Tag Archives: Sri Lankan cooking

Eating Sri Lanka (2)

Sri Lankan cuisine became one of my favourite foods ever since first visiting in 2007; I ate very well this time round too.

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Sri Lankan squid curry

Saw off the last of my haul of Bleeker’s squid in a very Sri Lankan curry: coconut milk, huge chunks of garlic, lots of ground chilli, cardamom, cloves and curry leaves.  Perfect thing to scoff whilst watching Kumar Sangakkar’s recent Spirit of Cricket lecture at Lord’s and sweating in this terrible Tokyo heat.  Some lime pickle and a great mound of white rice helped it down, although sadly I did not have papar or a nice Sri Lankan banana – small, but the tastiest I have ever eaten – to complete proceedings.

Last of the trout

was disposed of in a curry, inspired by some of the fish dishes I ate when I was in Sri Lanka.  The fish pieces are first rubbed with turmeric and shallow-fried till brown, then dressed in a sauce containing ots of fennel and fenugreek, green chillies and the whole thing topped off with coconut milk.  I helped down this dish with rather un-Sri Lankan parathas.

Sri Lankan cuttlefish curry

If you’ve got leftover cuttlefish in the fridge or freezer needing attending to, this is a fantastic dish to deal with it. When I was in Sri Lanka this was sometimes curiously referred to as ‘devilled’ cuttlefish, although the cuttlefish is not minced or chopped up finely. Perhaps it is a reference to its chilli heat, for even when the restaurant made it milder for my white man’s palate, was still blazing hot.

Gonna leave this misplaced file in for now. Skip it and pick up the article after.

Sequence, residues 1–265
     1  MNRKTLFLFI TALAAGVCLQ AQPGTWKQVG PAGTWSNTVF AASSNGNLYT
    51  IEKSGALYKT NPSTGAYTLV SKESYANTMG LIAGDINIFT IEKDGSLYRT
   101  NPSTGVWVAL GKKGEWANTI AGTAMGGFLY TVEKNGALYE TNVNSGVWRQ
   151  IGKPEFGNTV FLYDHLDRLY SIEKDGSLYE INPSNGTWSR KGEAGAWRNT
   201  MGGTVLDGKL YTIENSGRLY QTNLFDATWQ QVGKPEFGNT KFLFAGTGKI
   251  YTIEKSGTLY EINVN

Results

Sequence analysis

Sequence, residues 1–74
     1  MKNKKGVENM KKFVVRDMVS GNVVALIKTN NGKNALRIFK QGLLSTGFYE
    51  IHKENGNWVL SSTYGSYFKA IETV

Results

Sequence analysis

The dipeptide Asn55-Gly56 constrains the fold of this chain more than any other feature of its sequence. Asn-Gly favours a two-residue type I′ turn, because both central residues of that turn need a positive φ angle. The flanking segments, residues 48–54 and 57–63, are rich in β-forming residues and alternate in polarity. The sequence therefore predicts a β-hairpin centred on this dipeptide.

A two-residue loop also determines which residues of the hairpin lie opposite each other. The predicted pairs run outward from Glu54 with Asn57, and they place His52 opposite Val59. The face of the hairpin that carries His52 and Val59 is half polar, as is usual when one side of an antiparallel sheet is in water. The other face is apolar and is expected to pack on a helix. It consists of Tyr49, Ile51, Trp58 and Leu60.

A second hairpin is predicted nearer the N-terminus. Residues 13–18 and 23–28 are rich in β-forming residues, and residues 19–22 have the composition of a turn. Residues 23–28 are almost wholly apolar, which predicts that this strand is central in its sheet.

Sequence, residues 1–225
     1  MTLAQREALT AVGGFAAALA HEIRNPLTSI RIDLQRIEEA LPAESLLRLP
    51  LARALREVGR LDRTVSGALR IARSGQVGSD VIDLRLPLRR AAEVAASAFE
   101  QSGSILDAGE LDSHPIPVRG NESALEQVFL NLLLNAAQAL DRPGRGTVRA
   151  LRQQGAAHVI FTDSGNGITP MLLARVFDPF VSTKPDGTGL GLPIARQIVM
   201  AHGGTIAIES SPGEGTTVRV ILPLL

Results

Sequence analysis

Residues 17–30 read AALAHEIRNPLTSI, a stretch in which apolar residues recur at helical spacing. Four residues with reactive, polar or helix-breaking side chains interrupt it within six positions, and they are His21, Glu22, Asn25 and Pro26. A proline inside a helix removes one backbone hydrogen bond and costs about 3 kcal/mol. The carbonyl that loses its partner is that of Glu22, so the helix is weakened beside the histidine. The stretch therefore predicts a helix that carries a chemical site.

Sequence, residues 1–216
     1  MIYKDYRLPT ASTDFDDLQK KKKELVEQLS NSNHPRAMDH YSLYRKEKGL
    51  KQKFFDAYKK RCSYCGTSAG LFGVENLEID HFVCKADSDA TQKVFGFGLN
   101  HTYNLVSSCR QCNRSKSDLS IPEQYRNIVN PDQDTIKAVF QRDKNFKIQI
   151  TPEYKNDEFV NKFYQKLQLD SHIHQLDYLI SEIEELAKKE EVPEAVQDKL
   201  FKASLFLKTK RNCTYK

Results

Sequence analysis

Cuttlefish curry

Eating Sri Lanka

I ate rather well when I was in Sri Lanka. Although I was unable to explore the full spectrum of Sri Lankan cuisine – I didn’t have a chance to eat hoppers for example, or try Tamil food – I thoroughly indulged myself in some local specialties.

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Three dishes

from three regions from three religions. 

 Dum aloo.  The potatoes are coated in a spice mixture of poppy seeds, turmeric, ginger, ground almonds and turmeric in yoghurt and then baked, like meat, over a slow fire.  The potatoes come out very well browned on the outside and coated in a thick, rich sauce.

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